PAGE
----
Ramprasad, B. S.

B. S. Ramprasad and T. S. Radha, "Uniformity of film thickness on rotating planetary planar substrates," Thin Solid Films 15, 55-64 (1973).
[CrossRef]

Ravel, G.

B. Andre, L. Poupinet, and G. Ravel, "Evaporation and ion assisted deposition of HfO2 coatings: some key points for high power laser applications," J. Vac. Sci. Technol. A 18, 2372-2377 (2000).
[CrossRef]

Sadkhin, G.

I. C. Stevenson and G. Sadkhin, "Optimum location of the evaporation source: experimental verification," in Proceedings of the 44th Annual Technical Conference of the Society of Vacuum Coaters (Society of Vacuum Coaters, 2001), pp. 306-313.

Smith, D. J.

D. J. Smith, A. Staley, R. Eriksson, and G. Algar, "Counter-rotating planetary design for large rectangular substrates," in Proceedings of the 41st Annual Technical Conference of the Society of Vacuum Coaters (Society of Vacuum Coaters, 1998), pp. 193-196.

Staley, A.

D. J. Smith, A. Staley, R. Eriksson, and G. Algar, "Counter-rotating planetary design for large rectangular substrates," in Proceedings of the 41st Annual Technical Conference of the Society of Vacuum Coaters (Society of Vacuum Coaters, 1998), pp. 193-196.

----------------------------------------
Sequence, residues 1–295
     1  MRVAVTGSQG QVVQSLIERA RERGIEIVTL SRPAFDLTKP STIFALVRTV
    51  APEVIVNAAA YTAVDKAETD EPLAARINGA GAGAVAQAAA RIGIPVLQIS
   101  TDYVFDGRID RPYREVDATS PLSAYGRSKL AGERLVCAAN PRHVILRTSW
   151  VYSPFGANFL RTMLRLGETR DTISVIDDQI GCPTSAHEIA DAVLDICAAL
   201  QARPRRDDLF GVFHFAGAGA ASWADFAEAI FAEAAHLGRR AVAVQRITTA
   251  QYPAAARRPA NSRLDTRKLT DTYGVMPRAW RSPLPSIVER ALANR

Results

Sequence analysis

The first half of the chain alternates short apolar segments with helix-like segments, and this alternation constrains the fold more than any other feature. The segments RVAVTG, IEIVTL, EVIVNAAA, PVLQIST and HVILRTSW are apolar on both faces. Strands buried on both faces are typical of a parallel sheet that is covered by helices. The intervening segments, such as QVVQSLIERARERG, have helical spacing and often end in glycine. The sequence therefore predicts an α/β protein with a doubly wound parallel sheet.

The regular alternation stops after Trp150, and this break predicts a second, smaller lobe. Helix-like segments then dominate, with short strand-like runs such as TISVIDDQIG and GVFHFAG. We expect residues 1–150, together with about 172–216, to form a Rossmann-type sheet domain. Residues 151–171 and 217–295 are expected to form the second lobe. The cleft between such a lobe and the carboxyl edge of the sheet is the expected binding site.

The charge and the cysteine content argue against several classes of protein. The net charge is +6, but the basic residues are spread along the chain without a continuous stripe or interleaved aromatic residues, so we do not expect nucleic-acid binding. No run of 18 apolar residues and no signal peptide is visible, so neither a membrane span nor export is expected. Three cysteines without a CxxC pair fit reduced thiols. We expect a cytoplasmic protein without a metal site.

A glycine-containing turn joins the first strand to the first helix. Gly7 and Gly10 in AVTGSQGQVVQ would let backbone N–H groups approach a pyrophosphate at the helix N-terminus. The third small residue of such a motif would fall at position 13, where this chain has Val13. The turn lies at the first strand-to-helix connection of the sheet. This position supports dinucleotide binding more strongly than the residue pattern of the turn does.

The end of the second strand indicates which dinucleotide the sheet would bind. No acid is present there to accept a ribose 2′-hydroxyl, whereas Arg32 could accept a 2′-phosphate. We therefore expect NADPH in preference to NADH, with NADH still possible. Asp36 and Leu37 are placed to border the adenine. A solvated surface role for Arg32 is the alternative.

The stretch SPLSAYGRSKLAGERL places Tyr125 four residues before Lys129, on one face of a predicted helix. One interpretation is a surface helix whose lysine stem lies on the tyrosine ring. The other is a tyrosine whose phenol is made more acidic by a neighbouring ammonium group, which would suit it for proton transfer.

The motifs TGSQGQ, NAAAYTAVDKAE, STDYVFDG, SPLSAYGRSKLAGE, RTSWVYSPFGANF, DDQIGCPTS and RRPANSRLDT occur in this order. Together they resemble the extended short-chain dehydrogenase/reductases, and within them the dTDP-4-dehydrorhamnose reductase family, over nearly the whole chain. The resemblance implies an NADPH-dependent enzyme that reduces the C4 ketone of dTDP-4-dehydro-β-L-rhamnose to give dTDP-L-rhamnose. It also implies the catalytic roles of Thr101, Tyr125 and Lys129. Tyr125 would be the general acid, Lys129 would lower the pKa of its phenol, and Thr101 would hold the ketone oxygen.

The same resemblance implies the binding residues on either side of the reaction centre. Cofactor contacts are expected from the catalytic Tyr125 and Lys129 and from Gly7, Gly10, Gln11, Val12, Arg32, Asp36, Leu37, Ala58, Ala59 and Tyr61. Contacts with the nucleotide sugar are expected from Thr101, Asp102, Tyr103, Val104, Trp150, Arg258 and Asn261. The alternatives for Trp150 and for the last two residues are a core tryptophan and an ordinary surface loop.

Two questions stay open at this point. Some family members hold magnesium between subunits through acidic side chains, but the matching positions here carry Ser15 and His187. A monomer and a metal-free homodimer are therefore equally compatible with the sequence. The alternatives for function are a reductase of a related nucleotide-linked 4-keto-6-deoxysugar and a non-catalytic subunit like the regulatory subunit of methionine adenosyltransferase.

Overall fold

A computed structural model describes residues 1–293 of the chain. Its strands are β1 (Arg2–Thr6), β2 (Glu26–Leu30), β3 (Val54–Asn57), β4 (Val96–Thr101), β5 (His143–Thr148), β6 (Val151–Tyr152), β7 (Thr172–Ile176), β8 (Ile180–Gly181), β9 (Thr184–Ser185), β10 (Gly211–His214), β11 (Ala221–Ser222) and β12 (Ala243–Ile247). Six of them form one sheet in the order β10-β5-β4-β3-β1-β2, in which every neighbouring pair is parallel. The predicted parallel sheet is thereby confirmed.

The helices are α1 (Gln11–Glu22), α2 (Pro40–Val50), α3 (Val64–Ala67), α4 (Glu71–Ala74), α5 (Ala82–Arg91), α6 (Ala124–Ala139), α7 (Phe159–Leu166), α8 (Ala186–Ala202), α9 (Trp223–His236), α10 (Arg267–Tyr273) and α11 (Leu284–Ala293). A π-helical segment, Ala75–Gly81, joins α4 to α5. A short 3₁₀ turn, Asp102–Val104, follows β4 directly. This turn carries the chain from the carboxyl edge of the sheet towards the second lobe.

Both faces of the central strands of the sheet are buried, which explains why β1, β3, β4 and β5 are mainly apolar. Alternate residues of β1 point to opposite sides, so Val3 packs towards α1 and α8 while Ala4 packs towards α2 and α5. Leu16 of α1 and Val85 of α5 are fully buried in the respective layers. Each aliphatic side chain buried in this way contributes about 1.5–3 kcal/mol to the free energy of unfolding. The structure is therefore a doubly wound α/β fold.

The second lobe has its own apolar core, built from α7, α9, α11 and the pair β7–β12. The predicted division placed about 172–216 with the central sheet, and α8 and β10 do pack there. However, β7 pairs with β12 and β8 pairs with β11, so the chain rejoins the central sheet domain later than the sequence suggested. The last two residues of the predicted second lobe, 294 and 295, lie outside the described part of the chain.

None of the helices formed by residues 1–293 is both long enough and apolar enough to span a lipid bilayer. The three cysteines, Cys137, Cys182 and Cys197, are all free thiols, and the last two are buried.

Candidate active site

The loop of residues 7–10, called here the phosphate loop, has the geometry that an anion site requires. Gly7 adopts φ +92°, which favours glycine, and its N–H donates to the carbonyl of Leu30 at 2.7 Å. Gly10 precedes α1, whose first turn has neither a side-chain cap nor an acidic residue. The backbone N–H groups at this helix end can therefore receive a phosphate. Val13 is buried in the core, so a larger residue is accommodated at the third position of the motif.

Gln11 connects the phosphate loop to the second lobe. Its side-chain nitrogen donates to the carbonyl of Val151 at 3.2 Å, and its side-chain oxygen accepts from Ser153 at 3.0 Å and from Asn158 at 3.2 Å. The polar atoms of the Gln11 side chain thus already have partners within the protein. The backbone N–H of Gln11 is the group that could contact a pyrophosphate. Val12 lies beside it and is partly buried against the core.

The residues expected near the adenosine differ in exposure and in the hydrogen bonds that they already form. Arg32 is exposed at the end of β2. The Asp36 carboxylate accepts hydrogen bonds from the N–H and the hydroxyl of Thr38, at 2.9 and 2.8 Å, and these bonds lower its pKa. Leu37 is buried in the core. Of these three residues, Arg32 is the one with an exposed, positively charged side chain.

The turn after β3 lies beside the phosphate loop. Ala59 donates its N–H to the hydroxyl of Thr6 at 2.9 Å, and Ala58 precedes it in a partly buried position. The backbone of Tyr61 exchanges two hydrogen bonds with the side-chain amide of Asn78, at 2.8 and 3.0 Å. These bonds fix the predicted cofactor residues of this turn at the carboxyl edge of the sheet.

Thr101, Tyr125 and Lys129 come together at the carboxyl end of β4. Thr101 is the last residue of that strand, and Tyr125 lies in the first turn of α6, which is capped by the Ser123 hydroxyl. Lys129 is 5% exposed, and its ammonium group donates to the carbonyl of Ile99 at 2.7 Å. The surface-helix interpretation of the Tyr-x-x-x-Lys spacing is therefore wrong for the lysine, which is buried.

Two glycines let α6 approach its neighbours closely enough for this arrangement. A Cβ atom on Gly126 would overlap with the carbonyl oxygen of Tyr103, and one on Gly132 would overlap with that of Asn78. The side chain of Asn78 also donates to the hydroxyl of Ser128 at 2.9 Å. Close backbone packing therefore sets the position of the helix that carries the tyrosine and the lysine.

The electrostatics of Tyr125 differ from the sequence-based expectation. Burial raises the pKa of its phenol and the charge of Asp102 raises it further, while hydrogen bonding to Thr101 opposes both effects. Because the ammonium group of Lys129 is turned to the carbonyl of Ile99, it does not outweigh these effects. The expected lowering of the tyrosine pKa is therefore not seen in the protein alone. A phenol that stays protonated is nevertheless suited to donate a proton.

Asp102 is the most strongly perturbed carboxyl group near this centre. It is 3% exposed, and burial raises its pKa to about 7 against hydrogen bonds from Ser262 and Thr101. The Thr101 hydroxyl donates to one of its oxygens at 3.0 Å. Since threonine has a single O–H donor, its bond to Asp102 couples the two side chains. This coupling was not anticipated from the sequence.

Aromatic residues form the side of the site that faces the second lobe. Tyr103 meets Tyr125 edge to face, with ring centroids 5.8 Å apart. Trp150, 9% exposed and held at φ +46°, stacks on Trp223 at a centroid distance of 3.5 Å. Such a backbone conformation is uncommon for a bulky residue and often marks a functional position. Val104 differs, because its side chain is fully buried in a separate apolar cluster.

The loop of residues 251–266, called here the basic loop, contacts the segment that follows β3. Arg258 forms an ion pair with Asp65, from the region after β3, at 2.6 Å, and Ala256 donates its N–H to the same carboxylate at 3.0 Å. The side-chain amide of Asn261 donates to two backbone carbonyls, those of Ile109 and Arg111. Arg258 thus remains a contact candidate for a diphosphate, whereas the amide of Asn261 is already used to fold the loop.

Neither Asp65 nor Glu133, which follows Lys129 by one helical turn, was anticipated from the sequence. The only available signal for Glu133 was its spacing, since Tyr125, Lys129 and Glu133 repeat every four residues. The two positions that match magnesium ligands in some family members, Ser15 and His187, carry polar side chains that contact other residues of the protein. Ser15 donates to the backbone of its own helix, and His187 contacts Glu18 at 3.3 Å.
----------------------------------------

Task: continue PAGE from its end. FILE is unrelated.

Stevenson, I. C.

A. Musset and I. C. Stevenson, "Obtaining uniformly thick films in coating chambers," in Proceedings of the 31st Annual Technical Conference of the Society of Vacuum Coaters. (Society of Vacuum Coaters, 1988), pp. 203-209.

I. C. Stevenson and G. Sadkhin, "Optimum location of the evaporation source: experimental verification," in Proceedings of the 44th Annual Technical Conference of the Society of Vacuum Coaters (Society of Vacuum Coaters, 2001), pp. 306-313.

Stolz, C. J.

Zhiglinskiy, A. G.

A. G. Zhiglinskiy and E. S. Putilin, "Optimal conditions for depositing uniform thin films," Opt. Technol. 38, 557-559 (1971).

Appl. Opt. (1)

J. Vac. Sci. Technol. A (1)

B. Andre, L. Poupinet, and G. Ravel, "Evaporation and ion assisted deposition of HfO2 coatings: some key points for high power laser applications," J. Vac. Sci. Technol. A 18, 2372-2377 (2000).
[CrossRef]

Opt. Technol. (1)

A. G. Zhiglinskiy and E. S. Putilin, "Optimal conditions for depositing uniform thin films," Opt. Technol. 38, 557-559 (1971).

Thin Solid Films (1)

B. S. Ramprasad and T. S. Radha, "Uniformity of film thickness on rotating planetary planar substrates," Thin Solid Films 15, 55-64 (1973).
[CrossRef]

Other (5)

K. H. Behrndt, "Thickness uniformity on rotating substrates," in Transactions of the Tenth National Vacuum Symposium of the American Vacuum Society, G.H.Bancroft, ed. (Macmillan, 1963), pp. 379-384.

I. C. Stevenson and G. Sadkhin, "Optimum location of the evaporation source: experimental verification," in Proceedings of the 44th Annual Technical Conference of the Society of Vacuum Coaters (Society of Vacuum Coaters, 2001), pp. 306-313.